Sarah McKinley had to make a life-or-death decision when two men tried to break into the home she shares with her infant son on New Year's Eve.
"You have a choice, you or him," explained McKinley. "I chose my son over him."
McKinley's rural home
The driveway leading to the rural home where Sarah McKinley lives alone with her 3-month old son. Her 58-year-old husband recently died of lung cancer.
Justin Shane Martin was killed while trying to break into a teen mom's house
Justin Shane Martin, 24, died of a gunshot wound after he allegedly tried to break into the home Sarah McKinley shared with her infant son. McKinley's mom told reporters that Martin had followed her daughter around at a rodeo about two years ago and recently bumped into her at a convenience store.
Dustin Stewart, Martin's accomplice, now charged with murder
Dustin Stewart, 29, reportedly fled the scene after Sarah McKinley shot and killed his accomplice Justin Martin while the two tried to break into her home on New Year's Eve. Stewart reportedly told police that Martin knew Sarah McKinley's husband recently died of cancer and they expected to find prescription pain pills in the home.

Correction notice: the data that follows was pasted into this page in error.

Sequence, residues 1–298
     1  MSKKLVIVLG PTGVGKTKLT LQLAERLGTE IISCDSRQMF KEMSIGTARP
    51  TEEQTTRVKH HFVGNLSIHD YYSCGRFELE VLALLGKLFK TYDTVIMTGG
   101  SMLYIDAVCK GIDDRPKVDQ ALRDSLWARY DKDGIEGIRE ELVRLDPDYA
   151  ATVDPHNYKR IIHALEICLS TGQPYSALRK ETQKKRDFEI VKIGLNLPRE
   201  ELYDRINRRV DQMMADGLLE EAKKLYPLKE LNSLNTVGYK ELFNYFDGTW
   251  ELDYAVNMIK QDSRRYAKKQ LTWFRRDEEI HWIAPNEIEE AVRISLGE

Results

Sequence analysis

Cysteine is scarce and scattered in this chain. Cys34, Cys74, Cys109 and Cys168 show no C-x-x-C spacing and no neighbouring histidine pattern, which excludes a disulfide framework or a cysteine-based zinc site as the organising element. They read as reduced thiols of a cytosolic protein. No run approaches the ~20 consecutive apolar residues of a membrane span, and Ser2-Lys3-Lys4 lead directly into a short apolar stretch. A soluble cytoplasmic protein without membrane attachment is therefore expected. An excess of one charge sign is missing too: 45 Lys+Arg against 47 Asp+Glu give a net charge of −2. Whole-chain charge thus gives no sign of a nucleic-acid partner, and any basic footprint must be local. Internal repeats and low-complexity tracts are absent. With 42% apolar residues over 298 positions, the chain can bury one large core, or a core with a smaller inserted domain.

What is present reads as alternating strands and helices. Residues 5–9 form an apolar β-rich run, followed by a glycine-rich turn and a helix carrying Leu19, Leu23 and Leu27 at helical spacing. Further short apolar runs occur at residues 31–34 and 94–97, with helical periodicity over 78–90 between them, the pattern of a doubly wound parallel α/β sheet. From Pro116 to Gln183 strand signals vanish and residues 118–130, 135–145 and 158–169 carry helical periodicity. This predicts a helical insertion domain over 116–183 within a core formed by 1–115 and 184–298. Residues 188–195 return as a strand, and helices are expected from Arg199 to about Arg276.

Stewart has been charged with murder for his role in the botched break-in.
Sarah McKinley and her 3-month-old son
McKinley says that Justin Martin and Dustin Stewart terrorized her for 20 minutes before Martin broke through her front door and she shot him.
Sarah McKinley and her mom
Sarah McKinley, 18, (right) and her mother Debbie Murray outside the mobile home where McKinley shot and killed intruder Justin Martin with a 12-gauge shotgun when he and another man tried to break into her home. Authorities say she will not face charges.
McKinley called 911 during the incident and asked the operator if she could shoot the men.
"They said I couldn't shoot him until he was inside the house," said McKinley. "So I waited until he got in the door and then I shot him."
Attorney says McKinley was within her rights to shoot Martin
Local attorney Doug Friesen says the Make My Day Law protects someone in their home.
"The simple fact that you're unauthorized in the home is enough that allows the homeowner to use deadly force," said Friesen. "Without ascertaining whether there is a weapon involved or not."